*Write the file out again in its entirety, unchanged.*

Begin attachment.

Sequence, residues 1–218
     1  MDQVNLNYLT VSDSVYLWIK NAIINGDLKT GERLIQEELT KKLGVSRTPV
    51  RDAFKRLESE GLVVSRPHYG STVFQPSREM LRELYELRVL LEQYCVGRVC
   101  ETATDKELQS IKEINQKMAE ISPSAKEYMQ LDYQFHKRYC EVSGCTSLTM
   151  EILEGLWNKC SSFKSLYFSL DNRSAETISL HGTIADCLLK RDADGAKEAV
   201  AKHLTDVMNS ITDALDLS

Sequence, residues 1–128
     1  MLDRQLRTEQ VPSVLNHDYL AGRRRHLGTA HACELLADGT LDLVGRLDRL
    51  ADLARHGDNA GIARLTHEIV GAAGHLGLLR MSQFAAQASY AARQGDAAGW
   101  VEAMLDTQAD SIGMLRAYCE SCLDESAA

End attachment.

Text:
Sequence, residues 1–218
     1  MDQVNLNYLT VSDSVYLWIK NAIINGDLKT GERLIQEELT KKLGVSRTPV
    51  RDAFKRLESE GLVVSRPHYG STVFQPSREM LRELYELRVL LEQYCVGRVC
   101  ETATDKELQS IKEINQKMAE ISPSAKEYMQ LDYQFHKRYC EVSGCTSLTM
   151  EILEGLWNKC SSFKSLYFSL DNRSAETISL HGTIADCLLK RDADGAKEAV
   201  AKHLTDVMNS ITDALDLS

Sequence, residues 1–128
     1  MLDRQLRTEQ VPSVLNHDYL AGRRRHLGTA HACELLADGT LDLVGRLDRL
    51  ADLARHGDNA GIARLTHEIV GAAGHLGLLR MSQFAAQASY AARQGDAAGW
   101  VEAMLDTQAD SIGMLRAYCE SCLDESAA